In a CORNER
Have you seen the new Müller outdoor campaign?
Each poster shows one of their Corner yogurts in big close-up. So all you can see is the yogurt and the stuff in the corner. The corner of the yogurt making up the corner of the poster.
I saw it on Twitter, where Paul Bailey described the ads as a brilliant use of product as distinctive asset.
Claire Strickett added seven good reasons for it being great:
1. It’s a unique, ownable product feature. (Muller launched Fruit Corner yogurts in the UK in 1987).
2. It triggers memories associated with this feature (like do you fold and tip or dollop in bits?)
3. You know who it’s for (there’s a small logo in case you’re not sure).
4. It strengthens memory structures in a way that makes the product more likely to come to mind (because people associate yogurts with corners with Müller).
5. It looks appetising (which it does).
6. It does all these things in the simplest possible way, which makes for distinctive, low-processing advertising (and simplicity is a bit of a forgotten art in OOH advertising).
7. It got approved by the client.
Richard Taylor on LinkedIn praised how it played to our calm neuro design bias amidst an agitated world. He’d also tracked down the 3D version of the poster where the corner of the site itself was bent by some clever carpentry (one for the awards juries there).
Gareth Turner rationalised it was all about reminding lapsed buyers of the product’s taste credentials.
Back on Twitter, Nick Hirst felt corners were a positive but now latent association for Müller, so this was to remind people of the product’s existence and reclaim the association.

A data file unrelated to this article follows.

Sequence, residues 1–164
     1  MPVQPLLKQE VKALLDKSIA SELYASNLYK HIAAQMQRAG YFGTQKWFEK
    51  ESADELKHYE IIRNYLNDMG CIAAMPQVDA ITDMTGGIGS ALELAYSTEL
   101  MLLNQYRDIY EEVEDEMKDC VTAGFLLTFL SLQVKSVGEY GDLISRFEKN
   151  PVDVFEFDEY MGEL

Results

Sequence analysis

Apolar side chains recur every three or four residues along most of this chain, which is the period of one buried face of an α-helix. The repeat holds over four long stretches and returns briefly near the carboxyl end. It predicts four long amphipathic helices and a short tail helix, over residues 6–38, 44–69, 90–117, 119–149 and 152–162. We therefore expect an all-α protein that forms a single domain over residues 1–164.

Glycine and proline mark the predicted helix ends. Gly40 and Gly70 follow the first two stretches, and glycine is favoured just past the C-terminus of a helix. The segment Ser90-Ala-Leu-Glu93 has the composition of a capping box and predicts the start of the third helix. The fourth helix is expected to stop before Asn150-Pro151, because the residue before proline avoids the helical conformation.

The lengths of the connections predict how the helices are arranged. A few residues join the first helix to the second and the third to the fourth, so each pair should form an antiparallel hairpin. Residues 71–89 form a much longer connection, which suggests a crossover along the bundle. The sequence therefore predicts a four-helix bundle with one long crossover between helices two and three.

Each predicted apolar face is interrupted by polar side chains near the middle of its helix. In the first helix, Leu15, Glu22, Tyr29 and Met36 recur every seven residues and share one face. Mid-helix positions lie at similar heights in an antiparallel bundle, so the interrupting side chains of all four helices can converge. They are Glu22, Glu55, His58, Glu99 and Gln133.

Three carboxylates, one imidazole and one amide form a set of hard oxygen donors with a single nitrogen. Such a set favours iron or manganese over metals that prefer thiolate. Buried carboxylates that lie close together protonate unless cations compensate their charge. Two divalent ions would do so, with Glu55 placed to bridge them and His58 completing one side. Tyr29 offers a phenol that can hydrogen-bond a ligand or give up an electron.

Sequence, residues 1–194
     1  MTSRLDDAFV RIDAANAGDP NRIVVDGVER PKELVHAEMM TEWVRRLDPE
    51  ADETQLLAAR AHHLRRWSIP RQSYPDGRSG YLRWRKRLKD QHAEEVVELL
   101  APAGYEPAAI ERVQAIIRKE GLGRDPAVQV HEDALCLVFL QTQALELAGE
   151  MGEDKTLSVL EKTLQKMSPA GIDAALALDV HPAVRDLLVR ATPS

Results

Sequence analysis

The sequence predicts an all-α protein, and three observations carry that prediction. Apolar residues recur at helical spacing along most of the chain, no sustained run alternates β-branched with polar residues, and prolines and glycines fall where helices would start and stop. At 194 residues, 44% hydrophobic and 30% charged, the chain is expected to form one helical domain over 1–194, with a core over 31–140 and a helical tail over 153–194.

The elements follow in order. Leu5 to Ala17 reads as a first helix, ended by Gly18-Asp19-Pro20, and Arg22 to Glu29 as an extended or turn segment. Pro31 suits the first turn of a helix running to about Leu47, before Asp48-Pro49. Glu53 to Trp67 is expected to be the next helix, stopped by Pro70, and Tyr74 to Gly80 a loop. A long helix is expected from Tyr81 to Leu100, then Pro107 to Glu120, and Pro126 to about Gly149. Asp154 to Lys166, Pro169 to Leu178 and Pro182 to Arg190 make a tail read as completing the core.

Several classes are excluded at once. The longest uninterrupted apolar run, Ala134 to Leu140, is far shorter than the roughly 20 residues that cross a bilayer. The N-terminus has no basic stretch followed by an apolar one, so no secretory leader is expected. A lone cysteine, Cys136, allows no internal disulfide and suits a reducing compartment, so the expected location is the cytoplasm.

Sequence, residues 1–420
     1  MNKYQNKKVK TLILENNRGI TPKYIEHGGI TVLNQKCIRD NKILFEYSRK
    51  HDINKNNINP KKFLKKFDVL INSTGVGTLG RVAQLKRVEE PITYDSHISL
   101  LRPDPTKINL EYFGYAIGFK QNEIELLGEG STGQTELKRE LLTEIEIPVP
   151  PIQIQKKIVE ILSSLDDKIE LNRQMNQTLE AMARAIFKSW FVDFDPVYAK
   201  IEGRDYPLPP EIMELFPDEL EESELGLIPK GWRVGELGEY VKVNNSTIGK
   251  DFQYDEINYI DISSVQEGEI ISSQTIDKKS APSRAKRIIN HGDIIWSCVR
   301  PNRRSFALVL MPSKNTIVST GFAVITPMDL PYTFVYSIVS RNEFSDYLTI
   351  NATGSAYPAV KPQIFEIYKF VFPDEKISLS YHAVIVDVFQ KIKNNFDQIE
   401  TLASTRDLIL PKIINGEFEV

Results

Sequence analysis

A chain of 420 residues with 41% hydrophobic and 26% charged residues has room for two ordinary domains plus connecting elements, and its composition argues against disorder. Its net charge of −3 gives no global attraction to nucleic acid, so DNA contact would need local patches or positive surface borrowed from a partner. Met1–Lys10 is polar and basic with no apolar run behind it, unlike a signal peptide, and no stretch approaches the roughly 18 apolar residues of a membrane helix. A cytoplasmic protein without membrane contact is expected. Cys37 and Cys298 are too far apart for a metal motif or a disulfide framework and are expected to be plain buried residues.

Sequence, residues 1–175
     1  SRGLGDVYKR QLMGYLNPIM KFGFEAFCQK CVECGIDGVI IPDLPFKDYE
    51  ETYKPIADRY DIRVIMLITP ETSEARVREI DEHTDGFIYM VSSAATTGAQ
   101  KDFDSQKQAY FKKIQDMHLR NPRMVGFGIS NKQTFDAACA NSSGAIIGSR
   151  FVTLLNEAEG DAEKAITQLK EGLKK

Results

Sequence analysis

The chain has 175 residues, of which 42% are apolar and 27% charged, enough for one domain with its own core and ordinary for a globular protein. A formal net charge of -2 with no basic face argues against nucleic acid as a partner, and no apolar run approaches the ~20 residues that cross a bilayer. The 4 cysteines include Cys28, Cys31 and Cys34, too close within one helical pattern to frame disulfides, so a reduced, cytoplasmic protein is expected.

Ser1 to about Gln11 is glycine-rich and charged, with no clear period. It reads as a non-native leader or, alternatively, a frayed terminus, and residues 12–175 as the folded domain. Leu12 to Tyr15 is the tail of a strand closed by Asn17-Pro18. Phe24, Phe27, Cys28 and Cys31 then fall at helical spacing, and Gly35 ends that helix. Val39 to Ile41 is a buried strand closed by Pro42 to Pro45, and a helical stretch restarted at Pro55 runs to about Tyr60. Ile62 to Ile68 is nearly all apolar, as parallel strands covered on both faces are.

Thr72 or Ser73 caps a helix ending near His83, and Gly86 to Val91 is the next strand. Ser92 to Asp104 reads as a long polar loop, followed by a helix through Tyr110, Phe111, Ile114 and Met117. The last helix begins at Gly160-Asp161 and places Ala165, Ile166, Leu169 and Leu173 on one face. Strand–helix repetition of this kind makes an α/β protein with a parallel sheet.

I mean, I’ve worked on yogurt brands a few times.
I’ve had a client, Gerry Roads, described the yogurt fixture as the ‘Killing Fields’ of the chiller (Müller Corner is currently 70p or 6 for £3 in Tesco).
I know since 1987 Müller has grown to become a massive and architecturally complex brand in the UK, with sub-ranges like Light, Light Greek Style, Light Chocolate Fix, Bliss, Corner Bliss, Rice, Skyr and Kefir Smoothie.
So I can well appreciate the good old Corner may have got forgotten in all that extension building.
I’ve also followed the growth of ‘distinctive asset’ as a term over the last few years. How important it is that when a brand turns up in people’s lives, they know it’s you. Distinctiveness over differentiation.
And I completely agree that assets can trigger associations. How you stand out, what you stand for. A corner of the yogurt, a corner of the mind.
But back to that word “brilliant”.
It’s a shot of the product, cropped well. With a logo.
Is that all it takes these days?
Where’s the idea?
Still, nice yogurt. Haven’t had one for ages.